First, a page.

Axon Enterprise Stock Downgraded: What You Need to Know

Every day, Wall Street analysts upgrade some stocks, downgrade others, and “initiate coverage” on a few more. But do these analysts even know what they’re talking about? Today, we’re taking one high-profile Wall Street pick and putting it under the microscope…

Taser and body camera maker Axon Enterprise (NASDAQ: AAXN) has been a phenomenal performer for shareholders. Up nearly seven times in value over the past five years, Axon stock has more than doubled already this year alone, helped by booming sales of both Taser stun guns (unit sales up 13% in the last 12 months) and even better sales of body cameras (up 24%).

But with a market capitalization that is now approaching 300 times trailing earnings, is there any more room left for Axon Enterprise to run? This morning, analysts at investment megabanker JPMorgan weighed in, saying they expect Axon shares to take a “breather.” Great as the business is going, Axon stock, argues JPMorgan, has come too far, too fast, and could remain “range-bound” for the foreseeable future as a consequence. As a result, the analyst is downgrading Axon to neutral, but keeping its target price at $66 per share.

Here’s what you need to know.

Image source: Getty Images.

Coming not to bury Axon, but to praise it

This is not to say JPMorgan does not like Axon — far from it. In today’s downgrade, covered on (subscription required), JPMorgan reiterates its confidence in “AAXN’s uniquely strong position in a large addressable market, solid growth momentum, and improving business model.” After all, JPMorgan had an overweight rating on Axon up until now.

Most analysts expect Axon to parlay these strengths into above-average 27.5% annualized profits growth over the next five years. JPMorgan believes it’s possible Axon will exceed even that high estimate (although it doesn’t say by how much).

Well, maybe bury it just a little

And yet, with a trailing P/E ratio of 287 (according to data from S&P Global Market Intelligence), Axon would have to grow incredibly fast to get its PEG ratio down anywhere near the value investor’s touchstone of 1.

Hence JPMorgan’s conclusion: Although investors who already own the stock should should keep their positions, “we expect the stock to be somewhat range-bound near term following the strong outperformance YTD.”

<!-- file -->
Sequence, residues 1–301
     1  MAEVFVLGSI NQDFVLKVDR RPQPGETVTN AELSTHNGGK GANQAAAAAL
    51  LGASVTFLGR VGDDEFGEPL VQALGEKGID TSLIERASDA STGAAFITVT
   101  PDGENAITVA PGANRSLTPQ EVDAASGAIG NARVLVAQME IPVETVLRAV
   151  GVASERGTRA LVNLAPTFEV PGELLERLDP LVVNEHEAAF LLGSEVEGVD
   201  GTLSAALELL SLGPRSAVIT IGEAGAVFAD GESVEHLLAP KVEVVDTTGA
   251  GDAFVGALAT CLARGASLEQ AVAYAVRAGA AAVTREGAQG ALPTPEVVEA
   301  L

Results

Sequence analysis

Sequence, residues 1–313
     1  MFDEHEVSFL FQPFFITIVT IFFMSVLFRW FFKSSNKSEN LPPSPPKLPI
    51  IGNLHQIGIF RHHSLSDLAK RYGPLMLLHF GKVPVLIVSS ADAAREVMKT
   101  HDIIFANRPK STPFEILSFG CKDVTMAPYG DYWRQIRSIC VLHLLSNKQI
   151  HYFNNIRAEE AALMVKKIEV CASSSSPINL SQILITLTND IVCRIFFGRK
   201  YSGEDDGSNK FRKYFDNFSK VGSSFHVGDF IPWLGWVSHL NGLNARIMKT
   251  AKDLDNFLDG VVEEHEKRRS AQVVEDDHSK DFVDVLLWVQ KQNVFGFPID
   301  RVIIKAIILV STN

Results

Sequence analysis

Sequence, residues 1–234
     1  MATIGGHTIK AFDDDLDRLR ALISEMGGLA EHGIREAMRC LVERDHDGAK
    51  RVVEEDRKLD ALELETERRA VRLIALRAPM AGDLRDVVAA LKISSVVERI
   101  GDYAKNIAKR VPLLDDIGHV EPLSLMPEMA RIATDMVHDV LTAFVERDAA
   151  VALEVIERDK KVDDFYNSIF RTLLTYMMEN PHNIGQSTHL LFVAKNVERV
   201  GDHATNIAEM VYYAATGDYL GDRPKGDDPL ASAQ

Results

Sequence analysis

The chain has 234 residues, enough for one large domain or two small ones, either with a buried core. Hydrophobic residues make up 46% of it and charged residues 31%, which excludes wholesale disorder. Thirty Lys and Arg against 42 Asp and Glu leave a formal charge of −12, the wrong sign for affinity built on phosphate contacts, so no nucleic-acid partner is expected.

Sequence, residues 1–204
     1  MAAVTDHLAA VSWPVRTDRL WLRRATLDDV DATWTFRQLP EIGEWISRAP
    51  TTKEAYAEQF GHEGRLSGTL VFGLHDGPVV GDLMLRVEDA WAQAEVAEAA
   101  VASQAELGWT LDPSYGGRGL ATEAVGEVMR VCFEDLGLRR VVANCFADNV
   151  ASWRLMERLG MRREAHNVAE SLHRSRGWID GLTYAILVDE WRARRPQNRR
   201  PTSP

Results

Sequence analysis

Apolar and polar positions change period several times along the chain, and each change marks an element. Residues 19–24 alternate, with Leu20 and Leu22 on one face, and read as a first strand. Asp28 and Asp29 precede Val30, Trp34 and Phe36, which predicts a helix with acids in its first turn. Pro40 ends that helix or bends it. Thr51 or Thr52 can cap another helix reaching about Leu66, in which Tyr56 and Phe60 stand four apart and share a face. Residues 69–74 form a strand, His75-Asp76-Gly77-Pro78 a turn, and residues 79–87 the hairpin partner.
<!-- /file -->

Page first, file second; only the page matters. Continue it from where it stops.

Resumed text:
How should investors react?

Investors are taking JPMorgan’s advice to heart, and selling off Axon stock by more than 5% this morning. But is that the right call?

From a valuation perspective, it sure looks right. Even with an earnings growth rate approaching 30% a year, Axon stock is clearly overpriced at a P/E ratio roughly 10 times that growth rate (i.e., a PEG ratio of nearly 10). And yet, there are some factors that don’t get captured in that PEG ratio.

Cash, for one thing. As data from S&P Global reveal, Axon generated more than $34 million in positive free cash flow over the past year, or 2.5 times more real cash profit than is reflected in the company’s $13.6 million in trailing net income. And with cash flowing into the company so strongly, Axon has built up an admirably strong balance sheet featuring nearly $100 million in cash on hand, without a lick of debt.

Factoring that cash into the picture, Axon stock that sells for 287 times earnings can just as accurately be described as selling for an enterprise value of only 111 times its trailing free cash flow — still a very high multiple, but less than half as expensive as the company’s P/E ratio makes it look.

There are also the moves Axon is making to juice its growth rate. Over just the past week, for example, Axon has announced a partnership with “world-leading open platform IP video management software provider” Milestone Systems that will facilitate use of Axon software to analyze video data from “more than 6,000 models of cameras from 150 manufacturers, including CCTV footage,” in addition to footage from Axon’s own body cameras, multiplying the usefulness of Axon’s technology to its police department partners.

Axon also announced a partnership with DJI, the world leader in civilian drone manufacture, to sell drones linked to Axon’s own video data management software to police departments under a new program it’s calling “Axon Air.” Axon says that “more than 900 American public safety agencies use drones” in their operations today. That sounds like a lot, but it’s still a small fraction of the roughly 18,000 state and local law enforcement agencies that Axon targets with its other products — a huge market into which Axon can continue to sell products and services over time.

How big is the opportunity for Axon, offered by these and other initiatives it will announce in the future? Is it big enough to justify a 287 times multiple to earnings, or even a 111 times multiple to free cash flow?

I don’t know the answer to that — and to be honest, like JPMorgan, I have my doubts about the valuation of this stock in the short term at least. In the longer term, however, I also agree with the analyst that Axon’s business is booming, and will continue to boom for years to come.

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Rich Smith has no position in any of the stocks mentioned. The Motley Fool owns shares of and recommends Axon Enterprise. The Motley Fool has a disclosure policy.

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